Gaine said her own internal investigation found that Project 259 was cancelled right when the Sugar Research Foundation was dividing into two organizations: the Sugar Association and the International Sugar Research Foundation (which is now World Sugar Research Organization). Adding to the bureaucratic shuffle, the study suffered from long delays and going significantly over budget, Gaine said. (Glantz, in opposition, argued that such delays are inherent to research).
Project 259 was ultimately handed over to the British Nutrition Foundation to complete, Gaine said, and added that her documentation ends there. She said the Sugar Association doesn’t know why the British Nutrition Foundation failed to complete the study.
Why this matters: “Evidence was emerging in the 1950s and 1960s that linked sugar consumption to heart disease, but the sugar industry was interested in casting doubt on that evidence. In [Project 259] they were proving that to themselves and then saying something different to the public,” University of California’s Kearns said.
Gaine countered that the Sugar Association wasn’t trying to hide anything. When it comes to sugar, “there has always been an understanding that there is too much of a good thing,” she said, arguing that the industry looks into any negative health claims because they “want to know if they are accurate.”
Gaine added that the Sugar Association supports the dietary guidelines of sugar in moderation based on the FDA recommendation that only 10 percent of daily caloric intake should come from sugar. She also pointed out one of the funders for Glantz and Kearns’ investigation is Gary Taubes, co-founder of Nutrition Science Initiative and author of the book “The Case Against Sugar.” Another funder — the Laura and John Arnold Foundation — once gave $500,000 to support a lawsuit in favor of taxes on sugary beverages.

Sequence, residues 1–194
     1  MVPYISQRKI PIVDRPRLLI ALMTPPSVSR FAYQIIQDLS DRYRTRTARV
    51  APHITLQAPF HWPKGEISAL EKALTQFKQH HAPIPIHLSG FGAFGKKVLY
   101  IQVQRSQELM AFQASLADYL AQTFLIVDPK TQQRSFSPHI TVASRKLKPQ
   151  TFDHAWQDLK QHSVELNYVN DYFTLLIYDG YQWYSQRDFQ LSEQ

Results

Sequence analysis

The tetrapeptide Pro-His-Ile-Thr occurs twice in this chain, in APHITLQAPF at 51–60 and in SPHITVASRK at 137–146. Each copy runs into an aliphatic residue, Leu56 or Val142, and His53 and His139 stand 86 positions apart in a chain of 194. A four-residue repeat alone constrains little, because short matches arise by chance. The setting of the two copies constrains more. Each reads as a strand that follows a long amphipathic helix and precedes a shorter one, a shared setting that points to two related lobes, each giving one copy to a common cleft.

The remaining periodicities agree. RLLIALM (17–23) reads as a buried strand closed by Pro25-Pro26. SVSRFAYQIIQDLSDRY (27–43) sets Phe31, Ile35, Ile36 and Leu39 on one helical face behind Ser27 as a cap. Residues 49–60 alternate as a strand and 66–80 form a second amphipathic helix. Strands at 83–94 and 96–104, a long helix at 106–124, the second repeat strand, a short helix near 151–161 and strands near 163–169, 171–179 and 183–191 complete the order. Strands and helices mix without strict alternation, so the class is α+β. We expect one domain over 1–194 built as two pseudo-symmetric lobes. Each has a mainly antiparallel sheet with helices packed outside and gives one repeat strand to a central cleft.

But, Kearns believes that had the preliminary results been confirmed and published, it would have caused more scrutiny of sugar as a carcinogenic food additive. In the late 1960s, artificial sweeteners were being examined over similar concerns. A 1969 study found cyclamate, an artificial sweetener, increased the risk of bladder cancer in rats, and this sweetener was banned shortly afterward.
Both Gaine and Glantz said Project 259 was cutting edge for its time, given its focus on the gut microbiome. Kearns said that completing Project 259 and disclosing its findings could have hastened the onset of “precision medicine” — developing targeted interventions for people with heart disease based on their risk factors. This customized health care considers, for example, looking at the blood profile (cholesterol and triglycerides) to recommend either a low fat or a low sugar and carb diet.
“Whether you are talking about the sugar industry, or tobacco, or oil industry and climate change — the basic game they are playing is to try to slow down the development of a strong scientific consensus that could drive policy change,” Glantz said.
Teresa L. Carey is a Science and Social Media News Fellow at PBS NewsHour.